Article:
Heeding Lessons from the Girls
What the girls teach us about response in digital environments is timely given the implementation of the Common Core State Standards (CCSS) in forty-six states. As Carol Booth Olson, Robin C. Scarcella, and Tina Matuchniak explain in Helping English Learners to Write: Meeting Common Core Standards, Grades 6-12,
[T]he CCSS present a vision of what it means to be literate in the 21st century and call for all students, including ELs [English Learners], to develop critical reading skills necessary for a deep understanding of complex texts, and critical writing skills needed to write about those texts. […] [T]he CCSS set a high bar for all students and prioritize the ability to analyze and interpret challenging texts and to write about those texts using academic discourse in extended pieces of writing with the expressed goal of ensuring that students graduate from high school college and career ready (p. xii).
Even with its arguable limitations (Baker, 2014; Khrais, 2014; and Wiley, 2014), the CCSSI places significant focus on writing in ways that demand cross-institutional conversations, if not partnerships, among high school and university faculty (Ferguson, 2014) and students. OWLs complement this focus by increasing students’ ability to solicit feedback about their writing. (Notably, use of digital tools, collaboration with peers and adults, and revision are clearly articulated goals within the standards ). Furthermore, lessons from the girls can help us process the authentic feedback gathered by the non-profit, education organization Project Tomorrow’s 2013 Speak Up National Research Project. Led by Julie Evans (2013), this survey gathers insights from students, parents, and educators about educational technology. The data help local and regional leaders understand “how today’s students are using technology for learning, both in and out of school, and their aspirations for new digital learning experiences” (p. 2).
This new knowledge can lead to changes in educational policy and praxis. As a result of the 2013 survey, we know, for instance, that girls, more than boys, engage in digital activities to support their school work and self-directed learning away from school (pp. 4, 8). Specific to the lessons learned in the OWL research presented here, in nearly every survey category, girls engage in more digital writing activities than boys (the exceptions include HTML coding and conversational texting about gaming) (p. 6). Importantly, the survey data reinforce the lessons learned from our OWL users. Even more, together the Speak Up survey responses and this OWL research help us reimagine this university-to-high-school OWL while providing a model for other cross-institutional partnerships.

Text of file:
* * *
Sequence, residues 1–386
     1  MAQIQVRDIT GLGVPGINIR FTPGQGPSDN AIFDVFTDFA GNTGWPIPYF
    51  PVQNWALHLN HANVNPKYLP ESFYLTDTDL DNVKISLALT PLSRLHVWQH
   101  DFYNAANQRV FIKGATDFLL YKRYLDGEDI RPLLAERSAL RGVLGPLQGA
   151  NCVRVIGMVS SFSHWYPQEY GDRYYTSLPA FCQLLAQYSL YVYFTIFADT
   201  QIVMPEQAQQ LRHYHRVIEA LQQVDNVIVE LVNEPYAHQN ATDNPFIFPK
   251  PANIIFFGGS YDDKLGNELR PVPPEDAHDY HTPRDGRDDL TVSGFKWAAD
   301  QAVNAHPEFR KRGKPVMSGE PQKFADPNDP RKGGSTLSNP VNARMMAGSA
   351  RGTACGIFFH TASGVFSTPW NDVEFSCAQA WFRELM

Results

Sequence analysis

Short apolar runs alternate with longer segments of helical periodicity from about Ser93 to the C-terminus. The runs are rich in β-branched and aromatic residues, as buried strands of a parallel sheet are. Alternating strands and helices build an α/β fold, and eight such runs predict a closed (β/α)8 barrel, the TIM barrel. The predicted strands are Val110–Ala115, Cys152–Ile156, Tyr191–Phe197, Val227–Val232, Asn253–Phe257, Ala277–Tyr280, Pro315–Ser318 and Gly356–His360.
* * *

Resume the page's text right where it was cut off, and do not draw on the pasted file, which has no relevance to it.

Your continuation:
The girls’ insights about the limitations of this OWL also help to address two research gaps: 1) the role of high school OWLs on students’ writing and revision processes, and 2) the role of writers as solicitors of feedback, not as mere receivers of response. The limitations the girls identified evince their desire to strengthen their writerly agency—the girls wanted this OWL to function, and they had particular expectations of the feedback they received. Even more, the limitations the girls identified on this OWL move beyond a mere list of suggestions for change. Girls made clear that (most of the time) they required a dialogic OWL where engaged discussion resulted in formative feedback for the girls. The limitations the girls identified on this OWL help teachers and scholars of response imagine a theoretically and pedagogically sound dialogic (OWL) pedagogy for solicitors of response.
As we listened to these girls talk about this OWL and about themselves as writers, we cannot help but to hear their emerging writerly agency. We hear them insist on what Adrienne Rich (1979) calls “student’s own reality” (p. 68). We hear them express genuine interest in writing meaningful texts. We hear them tell their stories while sharing desires to find listening, engaged audiences–real people who want to read their words. We hear them interact with consultants, exercising their rhetorical agency, crafting their language for (and at times in spite of) their audience. These girls do what Stallings and Formo’s (2014) research indicates textbooks implore writers to do: “Get Feedback!” The girls’ willingness to interact with consultants on the OWL and with us in the interviews accomplishes even more: These girls implicitly request a pedagogical theory of response that puts student writers at the center of a dialogic feedback process.